Encyclopedia of the Great Plains

David J. Wishart, Editor

TEAGARDEN, JACK (1905-1964)

Musician Jack Teagarden

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Weldon Leo "Jack" Teagarden was one of the most influential jazz trombonists of the early twentieth century. His playing was among the first examples of individual style in the genre of jazz trombone. He was also a fine vocalist. He has inspired many performers, from jazz trombonists to the concert trombone soloist Christian Lindberg.

Teagarden was born in the Texas Panhandle town of Vernon on August 29, 1905. After his father died in the 1918 flu epidemic, the family briefly moved to Chappell, Nebraska, then headed back south to Oklahoma City. His family was poor, but there was always music: Teagarden was playing the piano at the age of five and the baritone horn by the time he was seven; by age ten he had taken up the trombone. He started playing professionally (in San Antonio) when he was fourteen. His musical influences were varied, but it is obvious from his playing that he took a great deal from black music, especially the blues. Teagarden's recording career began when he was twentytwo years old with a session for Johnny Johnson and his Statler Pennsylvanians. He took part in the first mixed-race recording session when he recorded "Knockin' a Jug" with Louis Armstrong in 1929. Teagarden performed with many of the other jazz greats of his era, including Benny Goodman, Red Nichols, Paul Whiteman, and Eddie Condon. From 1928 to 1933 a great deal of Teagarden's work was as a musical sideman, including with Ben Pollack's band, but he also had his own band for a time. This period produced some of Teagarden's most distinctive and best-known recordings, including "Someone Stole Gabriel's Horn" (1933).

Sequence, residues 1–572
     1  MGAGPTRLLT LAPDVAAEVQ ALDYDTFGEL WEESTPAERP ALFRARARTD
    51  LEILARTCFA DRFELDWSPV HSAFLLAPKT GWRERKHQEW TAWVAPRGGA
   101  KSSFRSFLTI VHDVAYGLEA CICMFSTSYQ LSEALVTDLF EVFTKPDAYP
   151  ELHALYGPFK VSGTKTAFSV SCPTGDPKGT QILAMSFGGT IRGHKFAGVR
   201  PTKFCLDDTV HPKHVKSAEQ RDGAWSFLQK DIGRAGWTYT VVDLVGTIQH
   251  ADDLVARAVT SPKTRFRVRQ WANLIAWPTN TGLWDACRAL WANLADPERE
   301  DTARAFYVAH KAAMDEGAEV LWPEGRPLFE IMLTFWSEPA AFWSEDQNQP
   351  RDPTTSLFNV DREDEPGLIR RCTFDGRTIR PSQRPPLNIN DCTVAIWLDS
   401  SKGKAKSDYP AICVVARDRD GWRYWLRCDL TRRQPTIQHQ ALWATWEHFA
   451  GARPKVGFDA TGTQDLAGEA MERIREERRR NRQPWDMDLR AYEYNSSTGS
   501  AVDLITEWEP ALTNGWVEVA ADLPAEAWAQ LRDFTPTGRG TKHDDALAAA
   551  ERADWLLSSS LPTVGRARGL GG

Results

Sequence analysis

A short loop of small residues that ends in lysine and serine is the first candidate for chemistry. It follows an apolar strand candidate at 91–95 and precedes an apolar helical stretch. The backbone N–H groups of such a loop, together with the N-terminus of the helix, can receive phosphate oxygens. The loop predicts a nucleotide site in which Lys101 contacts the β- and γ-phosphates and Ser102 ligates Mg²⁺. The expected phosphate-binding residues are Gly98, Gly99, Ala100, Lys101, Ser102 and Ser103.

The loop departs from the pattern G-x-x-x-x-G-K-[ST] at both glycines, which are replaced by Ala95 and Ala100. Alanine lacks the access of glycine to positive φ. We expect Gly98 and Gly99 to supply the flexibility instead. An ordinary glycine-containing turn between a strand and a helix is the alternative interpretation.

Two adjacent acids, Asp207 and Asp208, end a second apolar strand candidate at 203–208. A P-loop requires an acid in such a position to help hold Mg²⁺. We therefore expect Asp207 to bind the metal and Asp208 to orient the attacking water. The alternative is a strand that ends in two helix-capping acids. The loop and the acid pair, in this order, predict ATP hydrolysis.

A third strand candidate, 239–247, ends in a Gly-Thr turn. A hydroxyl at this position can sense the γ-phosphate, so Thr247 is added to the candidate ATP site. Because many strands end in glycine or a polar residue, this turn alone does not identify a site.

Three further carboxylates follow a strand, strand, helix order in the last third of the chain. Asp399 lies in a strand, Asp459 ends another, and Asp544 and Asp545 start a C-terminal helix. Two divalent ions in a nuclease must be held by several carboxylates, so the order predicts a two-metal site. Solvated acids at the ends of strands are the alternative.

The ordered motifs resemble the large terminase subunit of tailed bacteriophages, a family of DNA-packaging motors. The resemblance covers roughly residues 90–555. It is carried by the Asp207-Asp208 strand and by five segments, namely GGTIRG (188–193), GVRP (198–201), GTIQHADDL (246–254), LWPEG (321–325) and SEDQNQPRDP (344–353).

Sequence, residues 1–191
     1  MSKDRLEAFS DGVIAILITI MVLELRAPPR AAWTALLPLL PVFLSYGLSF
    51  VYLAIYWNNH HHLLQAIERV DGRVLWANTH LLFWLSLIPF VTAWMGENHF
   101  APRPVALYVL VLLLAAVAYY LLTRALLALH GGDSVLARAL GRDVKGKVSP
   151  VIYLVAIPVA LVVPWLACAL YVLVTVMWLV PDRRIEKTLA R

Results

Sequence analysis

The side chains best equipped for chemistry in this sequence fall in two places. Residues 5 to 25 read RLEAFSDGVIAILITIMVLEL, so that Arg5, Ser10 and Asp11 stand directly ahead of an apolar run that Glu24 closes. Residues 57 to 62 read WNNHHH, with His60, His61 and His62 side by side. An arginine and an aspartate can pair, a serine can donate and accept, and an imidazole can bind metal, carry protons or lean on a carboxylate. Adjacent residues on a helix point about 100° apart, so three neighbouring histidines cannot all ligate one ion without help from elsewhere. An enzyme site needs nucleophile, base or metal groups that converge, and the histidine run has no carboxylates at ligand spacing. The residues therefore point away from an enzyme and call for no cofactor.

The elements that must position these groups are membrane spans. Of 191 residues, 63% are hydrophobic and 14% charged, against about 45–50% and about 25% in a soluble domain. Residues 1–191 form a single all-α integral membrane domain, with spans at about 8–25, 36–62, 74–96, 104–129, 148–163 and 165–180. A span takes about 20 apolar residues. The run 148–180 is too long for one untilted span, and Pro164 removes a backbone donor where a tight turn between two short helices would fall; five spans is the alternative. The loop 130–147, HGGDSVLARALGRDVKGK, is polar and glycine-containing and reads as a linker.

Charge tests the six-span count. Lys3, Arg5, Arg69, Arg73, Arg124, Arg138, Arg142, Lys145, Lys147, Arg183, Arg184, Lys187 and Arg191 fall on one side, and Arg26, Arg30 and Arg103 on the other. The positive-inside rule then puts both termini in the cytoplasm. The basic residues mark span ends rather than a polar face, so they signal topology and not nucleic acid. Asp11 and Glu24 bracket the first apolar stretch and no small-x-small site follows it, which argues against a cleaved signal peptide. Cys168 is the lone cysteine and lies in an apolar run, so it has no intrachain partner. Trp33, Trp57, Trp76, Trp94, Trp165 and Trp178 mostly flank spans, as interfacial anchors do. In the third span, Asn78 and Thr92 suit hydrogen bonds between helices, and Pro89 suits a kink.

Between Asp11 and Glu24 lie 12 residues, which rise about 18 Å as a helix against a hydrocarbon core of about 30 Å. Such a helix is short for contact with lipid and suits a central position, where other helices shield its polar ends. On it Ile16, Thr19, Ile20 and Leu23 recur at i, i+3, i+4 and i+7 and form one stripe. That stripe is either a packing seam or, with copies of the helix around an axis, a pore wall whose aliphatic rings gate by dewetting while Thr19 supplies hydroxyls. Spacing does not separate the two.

Teagarden led his own band full time from 1939 to 1947, recording (on Decca after 1941) good music but making no money. After his band broke up, Teagarden played with the Louis Armstrong All Stars until 1951, when he formed his own All Star orchestra and achieved considerable success playing Dixieland jazz. Teagarden continued to perform until his death in New Orleans in 1964. He was inducted into the Jazz Hall of Fame in 1996.

Scott L. Anderson University of Nebraska-Lincoln

Schuller, Gunther. The Swing Era: The Development of Jazz 1930–1945. New York: Oxford University Press, 1989.

Smith, Jay D., and Len Guttridge. Jack Teagarden: The Story of a Jazz Maverick. New York: Da Capo Press, 1976.

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